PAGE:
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Massage Today
June, 2002, Vol. 02, Issue 06

San Francisco Hosts Touch Therapy Exposition

By Editorial Staff

The second Anatriptic Arts Expo was held at the Fort Mason Center in San Francisco, May 3-5, 2002. The expo was hosted by Massage Magazine, the only independent massage therapy and bodywork publication other than Massage Today.

The word anatriptic is the adjective form of the ancient Greek word anatripsis, which literally translated, means "to rub up." The word's origins date from the time of Hippocrates.

The expo staff defined Anatriptic Arts Expo as "an exposition of touch therapy arts." Robert Calvert, producer of the Anatriptic Arts Expo, supported by Massage Magazine and its allied organizations, the SpaMassage Alliance and the World of Massage Museum (WOMM), designed the expo as a gathering of the profession's top educators, the industry's leading suppliers of goods, and touch therapy practitioners and consumers.

The event's presenters included: John Barnes, PT - Myofascial Release; Solveig Berggren - Massage for Peace in Schools; Erik Dalton, PhD - Myoskeletal Alignment Techniques; the Esalen Massage Team - Esalen Massage; Peggy Farlow, MspEd - Touch to TEACH; Barry Green, PhD - Body Mind Massage; Paul Herb - Contact Kinetic Art; Lolita Knight - Fijian Massage; Dolores Krieger, PhD - Therapeutic Touch; David Palmer - TouchPro Chair Massage; Elaine Stillerman - MotherMassage®; and Shizuko Yamamoto and Patrick McCarty - Macrobiotic/Barefoot Shiatsu. For attending practitioners, it was also more than worth the eight-dollar price of admission to see the collection of massage objects and materials displayed by the World of Massage Museum (WOMM). The early examples of massage tables and electric devices were a delight to view.

Within an hour of the official opening of the 2002 expo, Robert Calvert told Massage Today Editor Cliff Korn that he had promoted the 2002 expo much more than the 1992 expo, and was expecting a much greater turnout. As time passed, however, it became apparent that attendance was much less than desired. Interviews with exhibitors provided estimates of less than 1,000 attendees over the three-day expo. As the costs to exhibit at the Anatriptic Expo were reportedly much higher than other trade events, there was some expected grumbling, reminiscent of the failed High Tech/High Touch tour of the early 1990s. One exhibitor suggested that the focus of the event was unclear, and that potential visitors might not be sure if it was designed for the trade or for the public.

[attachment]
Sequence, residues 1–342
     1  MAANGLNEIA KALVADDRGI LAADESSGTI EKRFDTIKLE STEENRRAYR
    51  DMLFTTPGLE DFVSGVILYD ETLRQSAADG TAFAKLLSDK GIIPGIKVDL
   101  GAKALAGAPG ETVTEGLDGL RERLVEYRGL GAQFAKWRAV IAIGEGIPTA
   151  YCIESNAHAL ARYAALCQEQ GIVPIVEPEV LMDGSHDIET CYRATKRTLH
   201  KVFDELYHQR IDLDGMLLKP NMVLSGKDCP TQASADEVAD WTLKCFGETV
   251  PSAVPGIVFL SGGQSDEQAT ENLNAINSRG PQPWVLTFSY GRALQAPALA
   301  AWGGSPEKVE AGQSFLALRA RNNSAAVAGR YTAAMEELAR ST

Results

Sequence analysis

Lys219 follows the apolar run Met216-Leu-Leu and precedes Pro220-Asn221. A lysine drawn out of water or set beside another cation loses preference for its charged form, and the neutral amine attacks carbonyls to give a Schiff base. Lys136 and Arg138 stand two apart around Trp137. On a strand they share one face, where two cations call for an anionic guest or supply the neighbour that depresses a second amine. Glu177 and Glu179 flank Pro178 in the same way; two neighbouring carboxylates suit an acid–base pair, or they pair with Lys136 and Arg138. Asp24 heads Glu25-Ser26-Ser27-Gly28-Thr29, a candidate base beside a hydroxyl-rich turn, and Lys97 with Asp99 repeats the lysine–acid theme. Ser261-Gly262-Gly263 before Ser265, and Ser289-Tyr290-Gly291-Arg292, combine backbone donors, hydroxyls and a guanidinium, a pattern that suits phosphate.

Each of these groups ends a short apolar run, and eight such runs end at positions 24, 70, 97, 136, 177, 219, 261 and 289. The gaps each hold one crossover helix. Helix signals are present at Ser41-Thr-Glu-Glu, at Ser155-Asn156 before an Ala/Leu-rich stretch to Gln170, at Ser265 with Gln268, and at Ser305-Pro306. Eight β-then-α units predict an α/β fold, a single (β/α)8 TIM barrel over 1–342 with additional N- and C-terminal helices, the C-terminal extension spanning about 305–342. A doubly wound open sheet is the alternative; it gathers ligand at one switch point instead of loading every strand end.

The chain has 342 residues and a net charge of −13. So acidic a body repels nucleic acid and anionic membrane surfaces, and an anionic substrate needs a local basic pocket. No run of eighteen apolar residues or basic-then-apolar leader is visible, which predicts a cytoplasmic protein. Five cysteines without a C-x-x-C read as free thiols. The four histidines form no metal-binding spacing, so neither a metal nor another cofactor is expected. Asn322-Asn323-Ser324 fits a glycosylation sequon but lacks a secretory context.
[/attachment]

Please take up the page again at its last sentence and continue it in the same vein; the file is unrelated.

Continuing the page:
The first Anatriptic Arts Expo was held in the same location almost 10 years to the day prior to the 2002 expo. In 1992, expo presenters included: Aunty Margaret Machado - Hawaiian Lomilomi; John Upledger, DO - Craniosacral Therapy; John Thie, DC - Touch for Health; Joseph Heller - Hellerwork; Rick Gold, PhD - Thailand Massage; Paul St. John - Neuromuscular Therapy; David Palmer - On-site Massage; Zhenya Kurashova - Wine, Russian Sports Massage; Kay Rive - Aromatherapy and Reflexology; Greg Irwin - Finger Fitness; Cherie Sohnen-Moe - Business Mastery; and Toru Namikoshi - Shiatsu for Health. Expo 2002 producers indicated that the 1992 expo reported attendance of more than 12,000 visitors, representing more than a dozen countries and 65 exhibitors.

It was truly unfortunate that the turnout for this year's event was so low. Approximately 50 exhibitors from across the country invested resources and traveled to San Francisco for the event. The potential for success was high, but exhibitors were concerned about the effectiveness of the event promotion. Some went so far as to call local massage therapists to ask if they were going to attend, and found that many were unaware of this national event being held in their own backyard!

Though the expo may have been viewed as a missed opportunity for professionals, it did seem to have a positive effect on the public. Some were heard to say that they were delighted to find useful information on so many types of hands-on therapies in one place, "with no lines!" As Massage Magazine is one of the few entities in the profession with the clout, recognition and resources to organize an event such as the Anatriptic Arts Expo, one hopes that efforts will be redoubled to promote another event designed to educate the public about the various types of massage and bodywork available.


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